While the large manufacturers are expanding their EV offer, the growth in the EV market has also been supported by emerging EV only vehicle brands. Tesla is perhaps the most well-known of these, but we have seen brands such as Polestar and NIO launch in Europe in recent years. NIO is one of the first in a wave of EV brands from the Asia Pacific that are establishing a physical footprint in Europe via ‘showrooms’ in order to raise profile and drive sales. With the projected expansion in the European EV market, many more are expected to follow suit. For example, Savills has relationships with 23 EV only brands in Asia that operate with physical ‘showrooms’, but only four have expanded this offer to Europe to date.

Unlike traditional vehicle manufacturers, however, many of these EV brands are not looking to open conventional car dealerships or showrooms, tending to see location and the nature of the space as instrumental in communicating their brand to their target audience. As a result, the traditional car dealership locations do not necessarily appeal. This is even more pronounced for some of the aspirational EV brands as proximity to those consumers where the EV brand choice is determined by lifestyle choice is a top priority. This has materialised as a preference for flagship city centre locations in some cases. However, over the medium to longer term, as brands become more established, we could see demand expand to those more conventional locations that can offer more space and test driving capabilities.

What does this mean for Europe’s city centres?

While we expect to see more EV brands enter the European market, we don’t expect them to be major occupiers at a national level. Rather their impact is going to be more pronounced for key gateway cities and their flagship retail locations, as profile is going to be a key initial consideration for many of these brands. A requirement for larger spaces, in most cases, however, does present an opportunity for landlords where demand for large units amongst traditional high street occupiers has shrunk. For example, NIO’s Oslo space covers 2,000 sq m.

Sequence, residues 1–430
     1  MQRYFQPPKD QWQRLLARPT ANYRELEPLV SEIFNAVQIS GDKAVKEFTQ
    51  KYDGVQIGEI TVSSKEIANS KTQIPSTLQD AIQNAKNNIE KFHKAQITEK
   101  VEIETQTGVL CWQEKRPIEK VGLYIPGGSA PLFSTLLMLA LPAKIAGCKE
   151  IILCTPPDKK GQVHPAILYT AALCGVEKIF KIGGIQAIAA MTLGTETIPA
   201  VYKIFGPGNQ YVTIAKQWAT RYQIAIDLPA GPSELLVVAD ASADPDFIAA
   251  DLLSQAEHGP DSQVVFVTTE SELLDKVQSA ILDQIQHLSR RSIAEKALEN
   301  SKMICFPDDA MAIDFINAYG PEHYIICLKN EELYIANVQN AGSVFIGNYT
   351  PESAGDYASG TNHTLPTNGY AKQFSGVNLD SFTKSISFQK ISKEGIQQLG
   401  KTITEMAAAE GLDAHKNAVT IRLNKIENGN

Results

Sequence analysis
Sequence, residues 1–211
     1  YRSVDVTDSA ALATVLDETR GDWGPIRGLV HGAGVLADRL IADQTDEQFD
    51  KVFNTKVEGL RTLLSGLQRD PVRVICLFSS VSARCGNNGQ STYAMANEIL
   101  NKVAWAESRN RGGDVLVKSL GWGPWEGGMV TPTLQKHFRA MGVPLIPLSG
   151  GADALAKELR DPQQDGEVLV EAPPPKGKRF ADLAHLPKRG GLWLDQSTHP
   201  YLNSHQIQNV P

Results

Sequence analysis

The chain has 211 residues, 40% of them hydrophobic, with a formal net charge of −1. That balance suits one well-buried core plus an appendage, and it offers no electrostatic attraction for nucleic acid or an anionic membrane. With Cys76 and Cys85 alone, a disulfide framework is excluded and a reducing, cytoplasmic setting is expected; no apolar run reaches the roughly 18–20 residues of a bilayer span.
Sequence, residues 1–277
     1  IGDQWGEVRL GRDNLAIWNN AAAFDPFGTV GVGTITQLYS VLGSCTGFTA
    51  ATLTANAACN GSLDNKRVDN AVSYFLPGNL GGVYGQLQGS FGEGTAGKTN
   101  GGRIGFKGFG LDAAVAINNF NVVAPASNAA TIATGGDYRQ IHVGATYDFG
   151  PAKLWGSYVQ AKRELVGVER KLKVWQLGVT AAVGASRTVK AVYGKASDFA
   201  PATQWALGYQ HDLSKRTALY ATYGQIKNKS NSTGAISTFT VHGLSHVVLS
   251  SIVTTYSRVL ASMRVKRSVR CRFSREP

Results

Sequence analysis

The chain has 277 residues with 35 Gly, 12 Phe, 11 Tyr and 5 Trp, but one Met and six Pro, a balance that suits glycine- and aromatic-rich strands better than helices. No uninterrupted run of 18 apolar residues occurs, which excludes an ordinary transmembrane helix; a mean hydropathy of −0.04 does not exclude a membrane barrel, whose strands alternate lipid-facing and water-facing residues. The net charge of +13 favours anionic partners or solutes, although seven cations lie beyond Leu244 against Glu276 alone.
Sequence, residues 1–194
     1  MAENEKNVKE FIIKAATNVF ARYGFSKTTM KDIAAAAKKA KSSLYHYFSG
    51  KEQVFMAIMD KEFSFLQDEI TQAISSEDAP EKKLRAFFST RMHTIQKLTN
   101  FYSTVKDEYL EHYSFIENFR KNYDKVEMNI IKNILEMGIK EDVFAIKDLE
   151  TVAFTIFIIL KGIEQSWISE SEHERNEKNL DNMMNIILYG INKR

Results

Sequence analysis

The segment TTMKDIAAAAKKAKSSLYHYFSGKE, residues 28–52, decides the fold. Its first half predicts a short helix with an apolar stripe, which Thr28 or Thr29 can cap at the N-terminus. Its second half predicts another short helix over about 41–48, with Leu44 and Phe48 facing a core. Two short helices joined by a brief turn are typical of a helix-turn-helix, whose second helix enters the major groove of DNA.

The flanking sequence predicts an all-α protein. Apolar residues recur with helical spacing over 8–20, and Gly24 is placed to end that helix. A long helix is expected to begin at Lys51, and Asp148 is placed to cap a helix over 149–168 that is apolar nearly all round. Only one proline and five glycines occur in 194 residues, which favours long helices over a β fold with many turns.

Perhaps, what is most interesting with the arrival of EV brands into our city centres is the fact that it further highlights the emergence of our retail destinations as ‘profile raising’ locations in which to showcase a brand and engage with consumers, rather than just a place to sell product. This is further evidenced by the arrival of other types of non-retail brands into our city centres; for example, TikTok ran a pop-up experience in London’s Westfield over the summer of 2021.

An analytic approach to location identification

For these new EV brands, the importance of proximity to target customers means a more research-driven and analytic approach to identifying suitable brand locations is needed. This is an approach Savills have developed and delivered to support site selection for a number of EV brand clients.

Key to the Savills approach has been understanding the brand vision of our clients and who their target audience is. With this insight, we have then worked with our clients to identify metrics that can be used to geographically identify target consumer clusters across a range of markets. For one EV brand client, we utilised this approach across Europe, firstly to shortlist target cities and then to identify areas within those cities that could be suitable ‘brand space’ locations due to the concentration of their target customers. This identification process was then utilised by our agents to investigate and deliver specific opportunities.